Greenhouse Canada

News
BC may revive ‘Buy Local’ produce campaign


February 1, 2010
By Ron Seymour The Canadian Press

Feb. 1, 2010, Kelowna, B.C. — A sense of deep pessimism hangs
over the Okanagan’s troubled fruit industry, B.C. Agriculture and Lands
Minister Steve Thomson heard Saturday in Kelowna.



Feb. 1, 2010, Kelowna, B.C. — A sense of deep pessimism hangs
over the Okanagan’s troubled fruit industry, B.C. Agriculture and Lands
Minister Steve Thomson heard Saturday in Kelowna. Those attending the 121st
B.C. Fruit Growers’ Association’s annual convention told Thomson low apple
prices have many orchardists wondering if they’ll be able to continue farming.

Advertisment

“Our dreams are turning into nightmares,’’ Kelowna grower
Tarsem Goraya said.

“This is an industry in crisis,’’ Fred Steele, another Kelowna
grower, said. “Soon, we’ll be on life support, and once we’re dead, it really
won’t matter.’’

Prices for many apple varieties have fallen below the cost of
production, continuing a sharp two-year drop in farm receipts. “We’re looking
for some help here,’’ said Vernon grower Jeet Dukhia, who complained the budget
of the B.C. Ministry of Agriculture and Lands was one of the lowest of any such
agency in Canada.

For his part, Thomson acknowledge the ministry’s budget had
been scaled back, along with those of many other departments, as government
revenues decline during the recession. The provincial government is trying to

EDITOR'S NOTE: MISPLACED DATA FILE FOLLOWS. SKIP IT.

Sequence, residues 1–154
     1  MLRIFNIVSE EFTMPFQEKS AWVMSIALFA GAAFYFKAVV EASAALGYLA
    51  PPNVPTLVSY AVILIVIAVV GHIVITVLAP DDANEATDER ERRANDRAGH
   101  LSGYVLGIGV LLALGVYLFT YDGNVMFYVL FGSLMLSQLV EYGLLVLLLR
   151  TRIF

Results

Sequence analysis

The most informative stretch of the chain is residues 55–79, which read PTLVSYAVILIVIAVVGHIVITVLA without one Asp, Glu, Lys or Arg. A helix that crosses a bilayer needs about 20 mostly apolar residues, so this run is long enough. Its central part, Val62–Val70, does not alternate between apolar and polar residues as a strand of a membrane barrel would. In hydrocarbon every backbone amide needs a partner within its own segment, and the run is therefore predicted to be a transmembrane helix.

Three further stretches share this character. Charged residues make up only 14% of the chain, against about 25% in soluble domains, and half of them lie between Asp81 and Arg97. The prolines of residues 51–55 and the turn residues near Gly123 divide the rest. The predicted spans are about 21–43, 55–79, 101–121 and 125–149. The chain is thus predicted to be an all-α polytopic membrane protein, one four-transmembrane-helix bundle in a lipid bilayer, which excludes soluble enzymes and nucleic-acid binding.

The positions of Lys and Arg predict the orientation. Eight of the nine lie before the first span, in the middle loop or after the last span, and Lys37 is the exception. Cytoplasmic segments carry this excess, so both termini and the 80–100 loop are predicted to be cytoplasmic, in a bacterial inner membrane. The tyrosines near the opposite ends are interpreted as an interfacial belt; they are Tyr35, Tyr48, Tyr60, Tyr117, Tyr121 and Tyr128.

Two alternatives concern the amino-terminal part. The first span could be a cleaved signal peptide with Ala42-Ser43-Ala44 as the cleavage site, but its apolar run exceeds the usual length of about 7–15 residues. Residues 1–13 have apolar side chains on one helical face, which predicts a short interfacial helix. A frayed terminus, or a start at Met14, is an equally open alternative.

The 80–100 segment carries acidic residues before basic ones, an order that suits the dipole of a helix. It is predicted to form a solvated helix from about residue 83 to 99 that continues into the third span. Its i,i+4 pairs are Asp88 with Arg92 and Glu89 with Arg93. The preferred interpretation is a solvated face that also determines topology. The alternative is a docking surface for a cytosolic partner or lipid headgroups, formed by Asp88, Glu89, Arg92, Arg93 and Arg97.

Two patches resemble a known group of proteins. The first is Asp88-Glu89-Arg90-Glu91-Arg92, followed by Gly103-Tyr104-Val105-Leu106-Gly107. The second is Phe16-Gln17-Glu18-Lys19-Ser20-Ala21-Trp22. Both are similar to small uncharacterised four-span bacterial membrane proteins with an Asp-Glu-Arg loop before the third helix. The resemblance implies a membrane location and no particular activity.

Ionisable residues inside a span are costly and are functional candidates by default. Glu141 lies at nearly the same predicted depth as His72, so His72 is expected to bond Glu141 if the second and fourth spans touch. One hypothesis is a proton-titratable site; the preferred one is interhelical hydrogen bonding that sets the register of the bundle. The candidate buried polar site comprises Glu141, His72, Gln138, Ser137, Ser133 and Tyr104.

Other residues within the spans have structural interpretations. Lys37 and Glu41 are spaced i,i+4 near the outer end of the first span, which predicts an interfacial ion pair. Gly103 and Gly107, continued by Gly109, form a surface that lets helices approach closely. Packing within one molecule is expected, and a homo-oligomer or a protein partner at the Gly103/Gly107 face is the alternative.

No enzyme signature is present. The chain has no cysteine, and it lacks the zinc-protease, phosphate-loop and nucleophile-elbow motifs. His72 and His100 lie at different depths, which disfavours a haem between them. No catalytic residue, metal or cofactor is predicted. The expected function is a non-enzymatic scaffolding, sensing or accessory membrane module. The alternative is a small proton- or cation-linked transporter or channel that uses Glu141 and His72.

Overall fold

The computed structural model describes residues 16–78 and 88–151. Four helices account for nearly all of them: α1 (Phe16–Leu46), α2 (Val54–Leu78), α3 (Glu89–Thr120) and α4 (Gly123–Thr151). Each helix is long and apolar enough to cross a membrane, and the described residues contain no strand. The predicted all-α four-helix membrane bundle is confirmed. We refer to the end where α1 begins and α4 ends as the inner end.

preserve spending on core programs such as health, education and social
services, in part by transferring money from other departments, Thomson said.

“I know that has impacted our budget,’’ he said. “You’ll hear
the same comment from other ministers.’’

Some growers questioned the government’s spending on the
Winter Olympics, but Thomson said the Games would provide an opportunity to
“celebrate and recognize’’ the province’s agricultural sector.

Still, he said it would be “short-sighted and naive’’ for
government not to acknowledge the serious challenges confronting all aspects of
the agricultural economy.

A new version of the long-dormant “Buy B.C.’’ marketing
program, which encouraged consumers to purchase produce grown in the province,
could soon be revived, Thomson suggested. “It’s my goal – one of our priorities
within the ministry – to try to get a program back in place that achieves that
goal.’’

A new version of the program might focus on creating consumer
awareness of and support for specific growing regions, such as the Okanagan and
Vancouver Island, Thomson said. That approach could dovetail with the
preference of a growing number of people to buy food that is produced from
nearby locations, rather than shipped over great distances.

“That (preference) is clearly not just a fad,’’ Thomson said.
“It’s something that can position us for the future.’’

Joe Sardinha will stay at the helm of the association for the
sixth straight year. The Summerland orchardist was returned to the president’s
position by acclamation during the convention.

 

 


Print this page

Related



Leave a Reply

Your email address will not be published. Required fields are marked *

*